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William Hart

Email Parsing Options

Posted by William Hart Employee Jul 1, 2016

We have got several requests to generate additional parser updates to some of the parsers we distribute in Live. One approach we have taken to make these optional changes available for customers is to allow for an external configuration file to be read by the original parser. This provides for some customization depending on environment requirements while eliminating the need for customers to be able to write a parser. The reason for them being optional is some configuration changes may generate more meta requiring further storage or may require additional parsing resources or not be appropriate to an environment.

 

As an example the default email parser, MAIL_Lua, reads email messages regardless of transport protocol (e.g. SMTP, IMAP, POP3) and registers all email addresses into the email meta key. In the options file a user can enable to register the email sender to email.src and the recipient to email.dst instead of registering them all to email. There are additional options available in the attached MAIL_lua_options.lua file that can be enabled/disabled as well.

 

To have these options take effect the following steps are required.

 

1) Upload the MAIL_lua_options.lua file into the /etc/netwitness/ng/parsers folder on the appropriate decoder where the MAIL_Lua parser is applied.

 

2) To enable the source and destination email change mentioned above modify the word false to true on line 24. This is the last line before the end of the function named registerEmailSrcDst

 

3) Validate that the default email source and destination meta keys are included in the appropriate concentrator default index file (e.g. index-concentrator.xml) located in /etc/netwitness/ng on the concentrator.  This file can be viewed by command line after logging in using secure shell or in administration section of the user interface at Administration > Services > <concentrator name> > config > Files tab. The lines that should be in there and that will be populated by this change are:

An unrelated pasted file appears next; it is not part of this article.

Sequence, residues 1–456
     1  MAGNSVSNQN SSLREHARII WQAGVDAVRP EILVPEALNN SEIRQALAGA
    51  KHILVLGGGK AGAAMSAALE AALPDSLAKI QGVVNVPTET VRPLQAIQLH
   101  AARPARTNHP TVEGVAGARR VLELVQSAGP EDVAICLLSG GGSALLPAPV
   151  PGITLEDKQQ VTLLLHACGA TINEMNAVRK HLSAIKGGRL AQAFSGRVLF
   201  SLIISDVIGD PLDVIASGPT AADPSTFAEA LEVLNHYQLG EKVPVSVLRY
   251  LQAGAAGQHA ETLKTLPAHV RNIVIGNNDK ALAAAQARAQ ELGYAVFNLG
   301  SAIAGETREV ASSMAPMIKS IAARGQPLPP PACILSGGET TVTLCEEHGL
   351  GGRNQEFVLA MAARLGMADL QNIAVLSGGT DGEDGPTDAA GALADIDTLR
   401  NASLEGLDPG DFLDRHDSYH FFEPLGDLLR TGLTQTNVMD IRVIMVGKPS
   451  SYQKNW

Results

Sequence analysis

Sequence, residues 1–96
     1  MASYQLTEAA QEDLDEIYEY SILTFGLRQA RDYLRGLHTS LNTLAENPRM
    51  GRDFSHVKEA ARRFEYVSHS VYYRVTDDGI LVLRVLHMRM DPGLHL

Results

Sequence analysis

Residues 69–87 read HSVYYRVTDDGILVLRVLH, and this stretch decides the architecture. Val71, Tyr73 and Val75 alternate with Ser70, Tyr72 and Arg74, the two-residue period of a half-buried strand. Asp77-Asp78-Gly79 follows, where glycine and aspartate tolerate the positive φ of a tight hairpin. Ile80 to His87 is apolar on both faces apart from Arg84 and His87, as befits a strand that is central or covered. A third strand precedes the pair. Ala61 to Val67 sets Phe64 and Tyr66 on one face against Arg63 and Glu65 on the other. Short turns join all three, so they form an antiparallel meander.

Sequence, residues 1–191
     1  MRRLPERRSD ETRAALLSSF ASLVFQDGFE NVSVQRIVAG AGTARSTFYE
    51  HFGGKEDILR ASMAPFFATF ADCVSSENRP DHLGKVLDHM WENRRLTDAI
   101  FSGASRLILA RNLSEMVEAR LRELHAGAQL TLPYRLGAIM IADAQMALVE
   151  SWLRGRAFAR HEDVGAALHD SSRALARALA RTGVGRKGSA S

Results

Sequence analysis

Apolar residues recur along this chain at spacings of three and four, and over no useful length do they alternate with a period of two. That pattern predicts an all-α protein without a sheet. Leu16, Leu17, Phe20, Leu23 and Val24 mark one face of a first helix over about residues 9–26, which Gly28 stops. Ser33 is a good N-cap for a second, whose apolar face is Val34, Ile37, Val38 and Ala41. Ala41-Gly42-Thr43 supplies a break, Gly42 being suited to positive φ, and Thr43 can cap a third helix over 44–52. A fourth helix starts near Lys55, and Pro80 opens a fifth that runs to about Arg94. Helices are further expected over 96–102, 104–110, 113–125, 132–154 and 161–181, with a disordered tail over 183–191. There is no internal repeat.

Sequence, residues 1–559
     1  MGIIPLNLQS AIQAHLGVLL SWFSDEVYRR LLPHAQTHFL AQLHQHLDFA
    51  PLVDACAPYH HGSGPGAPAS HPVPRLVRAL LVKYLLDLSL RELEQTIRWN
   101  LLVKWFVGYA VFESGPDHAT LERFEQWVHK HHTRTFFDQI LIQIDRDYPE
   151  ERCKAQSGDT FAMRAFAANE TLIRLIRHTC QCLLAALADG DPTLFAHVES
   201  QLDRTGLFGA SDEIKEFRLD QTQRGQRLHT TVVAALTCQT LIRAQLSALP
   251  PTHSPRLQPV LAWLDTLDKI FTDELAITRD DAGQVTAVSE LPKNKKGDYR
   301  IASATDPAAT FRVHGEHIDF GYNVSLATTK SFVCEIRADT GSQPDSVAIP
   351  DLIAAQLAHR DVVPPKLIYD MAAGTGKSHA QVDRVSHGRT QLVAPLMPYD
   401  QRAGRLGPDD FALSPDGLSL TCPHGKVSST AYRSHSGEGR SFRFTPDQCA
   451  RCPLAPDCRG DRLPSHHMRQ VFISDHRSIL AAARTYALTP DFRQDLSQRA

<key description="Source E-mail Address" level="IndexValues" name="email.src" format="Text" valueMax="2500000" />

<key description="Destination E-mail Address" level="IndexValues" name="email.dst" format="Text" valueMax="2500000" />

 

4) For this to take effect, a decoder service restart is required. This will cause a service interruption so recommend making this change during a maintenance window.

 

I welcome any suggestions on importance of these types of options for this scenario as well as others. As well if it would be better to have these options available in the Security Analytics user interface.

 

Note: I am just a conduit for this information and have to give credit for the creation of these parser options to RSA Content Engineers.

Are you looking for a way to trigger those PCAP downloads so they automatically open in a third party tool? There is a way to do this in Security Analytics 10.4 and above. It does require enabling some settings that may not be enabled by default depending on which version of Security Analytics you are running.

 

To make your PCAP extractions more efficient do the following steps.

 

1) Make sure the Download Completed PCAPs setting is enabled. This is available in the Security Analytics interface through the Investigate > Navigate > Settings widget as shown below. The download will still be tracked in the download job queue on the SA server but after completion of the download it will save it to your client machine in your browsers designated download folder.

 

PCAP_Download_Setting_hl.png

 

 

2) Optionally setup file associations on your operating system so that files with a .pcap extension open in your tool of choice, say Wireshark for example.

 

Note: Although you can configure this method for downloading files (other then PCAPs) I do not suggest it unless the system you are running your browser on is a machine you are allowed to download and execute malware on. By that I mean the machine is on a segmented network or is a sandboxed virtual machine or some other endpoint software is in place to limit the effect of malware. The reason I bring up this warning is that typically the files being downloaded from Security Analytics are ones suspected of being malware or related to malware and if they are automatically opened by their native application you could end up infecting your own system.

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